Latest News

Lecture Repeats

“BWAH-BWAH-BWAH” is the sound of grown-ups talking in Charlie Brown specials. Many parenting experts I have read say this is what our kids hear when we lecture them. Having been on the receiving end of many lectures growing up, I know this is partially true. But I do think when a lecture is repeated often enough with sincerity and backed up with parental example, the message does get through.

I base this on my experiences with my dad. My dad was (and still is at times) a great lecturer. He could go on and on and on about something if he thought I needed to be set straight. Since I was gifted with “book sense, but not much horse sense,” I heard a lot of lectures.

I can remember my thoughts wandering off during his lectures while I made sure to look like I was listening to every word. I can remember that my dad’s eyes would change colors if he was really upset. I can remember a lot of BWAH-BWAH-BWAH.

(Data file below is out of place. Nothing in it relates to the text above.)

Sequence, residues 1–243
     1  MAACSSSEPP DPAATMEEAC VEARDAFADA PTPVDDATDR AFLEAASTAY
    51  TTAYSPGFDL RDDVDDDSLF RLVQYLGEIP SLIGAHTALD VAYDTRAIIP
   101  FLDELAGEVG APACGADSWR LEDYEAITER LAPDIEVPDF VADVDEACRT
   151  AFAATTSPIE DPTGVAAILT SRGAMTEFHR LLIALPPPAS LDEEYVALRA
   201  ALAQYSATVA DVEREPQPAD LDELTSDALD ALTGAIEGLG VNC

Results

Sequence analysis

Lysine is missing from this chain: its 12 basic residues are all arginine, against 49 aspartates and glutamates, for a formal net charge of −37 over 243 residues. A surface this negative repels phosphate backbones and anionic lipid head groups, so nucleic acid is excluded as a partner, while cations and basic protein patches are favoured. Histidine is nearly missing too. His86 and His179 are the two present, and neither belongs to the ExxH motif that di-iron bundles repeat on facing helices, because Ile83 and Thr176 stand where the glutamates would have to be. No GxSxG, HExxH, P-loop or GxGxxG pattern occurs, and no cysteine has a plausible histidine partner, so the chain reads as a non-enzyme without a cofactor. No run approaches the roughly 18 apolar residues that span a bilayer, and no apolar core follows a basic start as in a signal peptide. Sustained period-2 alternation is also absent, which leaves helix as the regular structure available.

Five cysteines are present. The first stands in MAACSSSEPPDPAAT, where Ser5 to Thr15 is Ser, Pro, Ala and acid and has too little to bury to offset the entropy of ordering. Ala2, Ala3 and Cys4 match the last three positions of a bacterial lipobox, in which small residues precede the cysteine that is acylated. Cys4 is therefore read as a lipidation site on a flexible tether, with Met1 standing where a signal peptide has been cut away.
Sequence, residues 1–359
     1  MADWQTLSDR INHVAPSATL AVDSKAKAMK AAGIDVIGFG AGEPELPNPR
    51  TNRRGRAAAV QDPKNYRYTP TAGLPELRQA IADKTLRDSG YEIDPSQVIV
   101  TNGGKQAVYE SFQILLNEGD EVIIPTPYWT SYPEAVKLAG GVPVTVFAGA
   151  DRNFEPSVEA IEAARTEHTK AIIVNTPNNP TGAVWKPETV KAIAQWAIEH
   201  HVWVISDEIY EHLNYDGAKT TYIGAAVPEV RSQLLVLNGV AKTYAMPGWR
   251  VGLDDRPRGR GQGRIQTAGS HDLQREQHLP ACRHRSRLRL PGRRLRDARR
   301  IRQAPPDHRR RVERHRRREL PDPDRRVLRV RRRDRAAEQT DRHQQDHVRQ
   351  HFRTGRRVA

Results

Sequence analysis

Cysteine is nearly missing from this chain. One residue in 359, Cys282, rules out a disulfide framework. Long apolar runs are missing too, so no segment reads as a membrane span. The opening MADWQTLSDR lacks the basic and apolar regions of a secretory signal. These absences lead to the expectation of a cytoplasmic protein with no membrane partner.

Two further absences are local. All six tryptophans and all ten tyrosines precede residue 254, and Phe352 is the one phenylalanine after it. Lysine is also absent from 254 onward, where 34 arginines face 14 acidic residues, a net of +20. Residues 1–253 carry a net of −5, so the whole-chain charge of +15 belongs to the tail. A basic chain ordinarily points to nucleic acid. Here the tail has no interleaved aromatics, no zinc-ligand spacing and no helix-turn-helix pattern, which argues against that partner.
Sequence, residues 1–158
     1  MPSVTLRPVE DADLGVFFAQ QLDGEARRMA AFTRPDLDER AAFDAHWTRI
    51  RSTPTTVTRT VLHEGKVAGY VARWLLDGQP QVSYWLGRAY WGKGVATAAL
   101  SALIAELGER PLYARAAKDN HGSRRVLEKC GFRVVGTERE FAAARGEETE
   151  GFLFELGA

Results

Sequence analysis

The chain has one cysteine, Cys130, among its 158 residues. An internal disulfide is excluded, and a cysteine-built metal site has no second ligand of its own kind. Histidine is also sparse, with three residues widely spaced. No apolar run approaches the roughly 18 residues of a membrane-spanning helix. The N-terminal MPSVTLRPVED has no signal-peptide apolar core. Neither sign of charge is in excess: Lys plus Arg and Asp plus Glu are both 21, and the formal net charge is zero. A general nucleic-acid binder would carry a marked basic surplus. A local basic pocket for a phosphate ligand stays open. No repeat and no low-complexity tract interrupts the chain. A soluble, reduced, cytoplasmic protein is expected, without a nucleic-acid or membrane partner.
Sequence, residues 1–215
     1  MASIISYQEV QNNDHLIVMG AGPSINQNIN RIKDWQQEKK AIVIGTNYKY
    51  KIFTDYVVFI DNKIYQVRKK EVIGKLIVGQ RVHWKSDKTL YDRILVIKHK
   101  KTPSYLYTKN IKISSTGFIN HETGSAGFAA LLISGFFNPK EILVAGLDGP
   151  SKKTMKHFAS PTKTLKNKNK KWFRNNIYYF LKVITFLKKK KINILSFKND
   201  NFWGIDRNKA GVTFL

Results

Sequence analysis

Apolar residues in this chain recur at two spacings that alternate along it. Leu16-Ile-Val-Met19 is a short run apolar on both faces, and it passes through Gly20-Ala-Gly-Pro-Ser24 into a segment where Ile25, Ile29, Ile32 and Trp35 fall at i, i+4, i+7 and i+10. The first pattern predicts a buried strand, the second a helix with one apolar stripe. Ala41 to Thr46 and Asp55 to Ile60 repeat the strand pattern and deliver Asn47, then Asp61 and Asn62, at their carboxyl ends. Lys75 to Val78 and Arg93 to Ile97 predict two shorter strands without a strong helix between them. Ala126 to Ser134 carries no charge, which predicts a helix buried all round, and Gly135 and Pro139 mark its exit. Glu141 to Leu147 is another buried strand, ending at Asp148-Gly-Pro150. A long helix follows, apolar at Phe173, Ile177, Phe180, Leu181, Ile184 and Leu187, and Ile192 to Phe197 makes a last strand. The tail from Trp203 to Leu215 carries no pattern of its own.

But I also remember the key messages of his favorite lectures. A good portion of my own moral code today is based on those messages my dad drilled into my head decades ago.

·        Don’t waste food!

·        Don’t waste water!

·        If you have a chance to help someone, you better take it because you never know when you might need help.

·        Always, always, always treat someone who works hard with respect no matter what job they do. A garbage man deserves as much respect a doctor or lawyer.

·        Always vote with the Union because they stand up for working people.

Now these messages did not take right away.  I would fill the bathtub too deep, leave food on my plate, avoid helping out if I could, and be snobby to others because I was teen and, therefore, superior.  I even actively supported a non-Union candidate in a primary once while my dad shook his head. (For the record, four years later I worked my tail off for the very same candidate my dad and the Union had supported.)

Today I give these very same lectures to my kids. I am pretty sure some of them are word-per-word what my dad used to say to me. And when I notice my kids tuning me out, I don’t lose hope. I know important lessons take time, repetition, and parental examples to help them sink in. I have the words of my dad’s lectures down. My kids often tell me they have heard it all before from me. Now all I have to do is provide parental examples for my kids that are as good as the ones my dad gave, and gives, me. That, my friends, is a work in progress.